What is Cerebral Palsy?
Cerebral palsy (CP) is a neurological disorder which permanently affects muscular coordination and joints. There is no known cure. The term “palsy” refers to impaired motor functioning.
While the disorder affects muscle movements and its symptoms can include low muscle tone or muscles that seem overly tight, the true causes are neurological, which means they are rooted in the brain.
According to the United Cerebral Palsy Foundation, nearly 800,000 people directly suffer from the effects of cerebral palsy. The Centers for Disease Control and Prevention estimate nearly 10,000 babies each year will eventually develop symptoms of this condition.
Despite extensive research and many medical advances, the rate of children who develop cerebral palsy has remained constant over the years.
What Causes Cerebral Palsy?
Cerebral palsy has many different causes. Many years ago, researchers believed birth complications caused cerebral palsy. That was true, but extensive research has shown at most 10% of babies who suffer from birth complications later develop cerebral palsy.
In a general sense, cerebral palsy results from one of the following causes:
- Periventricular leukomalacia (PVL), or damage to the white matter of the brain
- Cerebral dysgenesis, or abnormal development of the brain
- Intracranial hemorrhage, or bleeding in the brain
- Intrapartum asphyxia, or a lack of oxygen flow to the brain
- Head injury in infants and children
- Medical professional negligence
What Factors Increase The Risk of Cerebral Palsy?
Researchers have studied thousands of births to determine which factors cause cerebral palsy. Risk factors simply mean a condition is more likely to happen, not that it will happen. Here are just a few risk factors that increase the chances your child will be affected by cerebral palsy:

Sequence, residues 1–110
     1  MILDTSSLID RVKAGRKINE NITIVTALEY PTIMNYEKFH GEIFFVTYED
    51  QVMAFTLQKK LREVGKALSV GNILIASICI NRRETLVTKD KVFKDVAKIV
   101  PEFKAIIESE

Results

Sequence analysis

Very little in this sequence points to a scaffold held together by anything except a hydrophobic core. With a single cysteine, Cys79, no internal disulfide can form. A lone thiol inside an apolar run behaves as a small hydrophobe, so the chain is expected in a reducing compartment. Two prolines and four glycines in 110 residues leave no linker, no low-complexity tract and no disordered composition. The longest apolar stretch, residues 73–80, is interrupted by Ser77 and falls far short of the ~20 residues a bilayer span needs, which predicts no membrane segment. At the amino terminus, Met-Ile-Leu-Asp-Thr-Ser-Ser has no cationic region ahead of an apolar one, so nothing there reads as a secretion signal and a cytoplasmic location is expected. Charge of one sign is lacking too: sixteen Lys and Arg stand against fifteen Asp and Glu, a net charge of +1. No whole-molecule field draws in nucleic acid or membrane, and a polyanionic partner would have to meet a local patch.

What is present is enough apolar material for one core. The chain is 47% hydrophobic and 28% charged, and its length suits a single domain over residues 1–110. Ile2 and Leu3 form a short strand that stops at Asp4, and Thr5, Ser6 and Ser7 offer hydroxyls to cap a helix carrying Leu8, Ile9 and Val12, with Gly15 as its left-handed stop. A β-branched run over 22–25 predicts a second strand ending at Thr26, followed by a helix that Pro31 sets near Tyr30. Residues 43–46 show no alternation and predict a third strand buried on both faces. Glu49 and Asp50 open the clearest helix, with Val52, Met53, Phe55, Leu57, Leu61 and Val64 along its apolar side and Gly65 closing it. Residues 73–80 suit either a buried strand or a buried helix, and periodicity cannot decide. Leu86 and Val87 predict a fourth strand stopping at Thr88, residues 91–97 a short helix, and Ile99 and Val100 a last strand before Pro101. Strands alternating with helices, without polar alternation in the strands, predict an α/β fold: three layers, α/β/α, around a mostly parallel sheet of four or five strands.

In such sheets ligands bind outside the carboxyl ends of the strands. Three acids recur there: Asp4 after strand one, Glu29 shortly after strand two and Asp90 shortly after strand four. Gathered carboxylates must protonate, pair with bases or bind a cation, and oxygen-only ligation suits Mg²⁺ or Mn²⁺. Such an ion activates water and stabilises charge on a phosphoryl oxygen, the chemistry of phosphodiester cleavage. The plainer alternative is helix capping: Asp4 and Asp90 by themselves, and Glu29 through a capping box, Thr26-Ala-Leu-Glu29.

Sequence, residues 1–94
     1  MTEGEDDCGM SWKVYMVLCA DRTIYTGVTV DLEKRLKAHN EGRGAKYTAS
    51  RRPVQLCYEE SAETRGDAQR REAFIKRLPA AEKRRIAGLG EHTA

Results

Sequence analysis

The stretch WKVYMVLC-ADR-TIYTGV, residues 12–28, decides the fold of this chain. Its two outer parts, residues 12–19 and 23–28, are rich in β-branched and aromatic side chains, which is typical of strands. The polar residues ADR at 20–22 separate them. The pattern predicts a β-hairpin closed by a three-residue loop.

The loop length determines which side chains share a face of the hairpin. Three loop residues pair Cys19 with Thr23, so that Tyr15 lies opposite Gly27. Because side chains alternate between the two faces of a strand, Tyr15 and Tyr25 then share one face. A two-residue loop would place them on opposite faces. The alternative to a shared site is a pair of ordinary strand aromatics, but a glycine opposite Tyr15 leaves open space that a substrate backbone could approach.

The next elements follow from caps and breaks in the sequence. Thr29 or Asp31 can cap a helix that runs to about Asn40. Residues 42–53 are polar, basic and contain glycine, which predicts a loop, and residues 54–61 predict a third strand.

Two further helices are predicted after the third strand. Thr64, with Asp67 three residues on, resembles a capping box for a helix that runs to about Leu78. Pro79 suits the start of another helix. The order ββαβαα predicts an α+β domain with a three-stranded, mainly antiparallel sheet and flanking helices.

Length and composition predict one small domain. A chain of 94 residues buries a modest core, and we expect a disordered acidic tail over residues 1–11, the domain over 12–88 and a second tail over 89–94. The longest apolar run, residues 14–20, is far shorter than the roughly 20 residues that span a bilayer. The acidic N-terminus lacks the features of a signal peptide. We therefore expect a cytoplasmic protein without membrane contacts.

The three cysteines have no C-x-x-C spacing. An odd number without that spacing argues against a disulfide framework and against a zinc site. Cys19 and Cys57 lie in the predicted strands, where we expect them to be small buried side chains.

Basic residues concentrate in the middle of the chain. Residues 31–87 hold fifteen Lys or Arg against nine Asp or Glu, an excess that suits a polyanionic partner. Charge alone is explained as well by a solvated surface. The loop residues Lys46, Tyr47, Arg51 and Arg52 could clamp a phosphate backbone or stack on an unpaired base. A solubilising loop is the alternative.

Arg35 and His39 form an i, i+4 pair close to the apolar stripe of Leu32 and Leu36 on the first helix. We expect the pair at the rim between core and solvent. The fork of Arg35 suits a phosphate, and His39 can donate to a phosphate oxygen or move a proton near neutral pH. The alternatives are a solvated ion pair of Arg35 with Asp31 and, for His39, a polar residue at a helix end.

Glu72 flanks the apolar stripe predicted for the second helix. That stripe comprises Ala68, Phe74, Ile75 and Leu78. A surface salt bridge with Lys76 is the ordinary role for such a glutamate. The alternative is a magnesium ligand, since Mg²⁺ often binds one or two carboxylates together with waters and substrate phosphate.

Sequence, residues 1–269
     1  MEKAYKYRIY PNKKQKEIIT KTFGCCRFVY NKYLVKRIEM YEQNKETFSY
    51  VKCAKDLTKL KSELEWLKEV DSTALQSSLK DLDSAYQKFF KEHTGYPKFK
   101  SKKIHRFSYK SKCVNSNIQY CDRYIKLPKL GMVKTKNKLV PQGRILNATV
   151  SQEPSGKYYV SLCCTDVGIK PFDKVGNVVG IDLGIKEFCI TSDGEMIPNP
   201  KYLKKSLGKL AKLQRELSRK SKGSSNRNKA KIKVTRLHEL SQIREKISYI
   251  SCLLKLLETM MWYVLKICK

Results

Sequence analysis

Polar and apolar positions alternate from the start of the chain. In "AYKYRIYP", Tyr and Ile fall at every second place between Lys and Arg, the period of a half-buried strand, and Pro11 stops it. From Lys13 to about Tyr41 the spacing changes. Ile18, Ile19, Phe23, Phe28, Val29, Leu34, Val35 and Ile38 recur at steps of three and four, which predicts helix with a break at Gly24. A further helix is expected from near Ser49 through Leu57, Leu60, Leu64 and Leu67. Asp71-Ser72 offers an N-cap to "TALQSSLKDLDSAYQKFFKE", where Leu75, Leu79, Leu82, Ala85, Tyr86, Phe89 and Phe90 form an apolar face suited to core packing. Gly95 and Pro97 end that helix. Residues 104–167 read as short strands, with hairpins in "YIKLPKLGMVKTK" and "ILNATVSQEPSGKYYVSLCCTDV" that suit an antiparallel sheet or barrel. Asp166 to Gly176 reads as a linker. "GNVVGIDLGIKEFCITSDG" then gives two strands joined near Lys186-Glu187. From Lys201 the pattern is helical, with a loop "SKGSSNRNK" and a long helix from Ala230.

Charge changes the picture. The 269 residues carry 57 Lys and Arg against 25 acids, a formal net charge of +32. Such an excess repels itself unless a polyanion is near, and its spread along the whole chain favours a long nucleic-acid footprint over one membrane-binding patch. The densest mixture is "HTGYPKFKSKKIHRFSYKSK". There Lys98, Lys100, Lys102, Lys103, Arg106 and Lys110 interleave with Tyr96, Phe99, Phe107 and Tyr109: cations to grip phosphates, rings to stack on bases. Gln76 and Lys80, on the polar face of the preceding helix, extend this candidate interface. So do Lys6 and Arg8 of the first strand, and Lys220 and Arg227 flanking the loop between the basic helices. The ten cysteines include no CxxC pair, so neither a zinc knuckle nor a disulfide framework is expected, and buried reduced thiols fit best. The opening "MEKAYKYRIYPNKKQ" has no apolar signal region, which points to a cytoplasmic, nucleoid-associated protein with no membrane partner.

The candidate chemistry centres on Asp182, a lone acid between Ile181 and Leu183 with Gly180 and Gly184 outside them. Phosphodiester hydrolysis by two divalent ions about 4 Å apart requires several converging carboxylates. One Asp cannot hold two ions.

- An unusually low birthweight
- Premature birth
- Infection during pregnancy
- Exposure to toxic substances during pregnancy
- A complex birthing process
- Genetic predisposition
Many more factors than these exist, but now you have an idea of what increases the risk of cerebral palsy.
Can You Prevent Cerebral Palsy?
Unfortunately, genetic cerebral palsy cannot be prevented. However, some factors, such as exposure to toxic substances during pregnancy and infection during pregnancy, can be minimized.
You can prevent acquired cerebral palsy by supervising children while they are in the bathtub, ensuring children are always in car seats, and making sure they wear helmets while riding their bikes.
In many cases, the causes are completely unknown.
Are Other Conditions Associated with Cerebral Palsy?
Many people affected by cerebral palsy suffer no additional challenges. However, because the brain controls so many other functions, it is common for some people with cerebral palsy to struggle with additional challenges such as:
- Mental retardation
- Delayed physical growth
- Spinal deformation
- Abnormal sensory perception
How Can You Manage Cerebral Palsy?
Despite the fact that cerebral palsy remains impossible to prevent, many challenges presented by this condition can be successfully managed. In fact, many people affected by this condition go on to lead happy and successful lives.
In most cases, the earlier treatment begins, the better the long-term outcome will be for your child. There are many different therapeutic approaches to choose from, and no single approach works for everyone.
The important thing is that you work with professionals you trust. The amount of therapy required is extensive and can be costly. In most cases, you will meet regularly with a professional who will help you create a program to follow through with at home.
In general, therapy today focuses on helping individuals with cerebral palsy by helping them improve their posture, gross motor skills, speech skills, and reducing seizure frequency. The goal is always to help each individual become as independent as possible, and also to integrate successfully within his or her local community.
If you or your child is affected by cerebral palsy, remember that there is always hope. The journey is not easy, but a better quality of life is possible.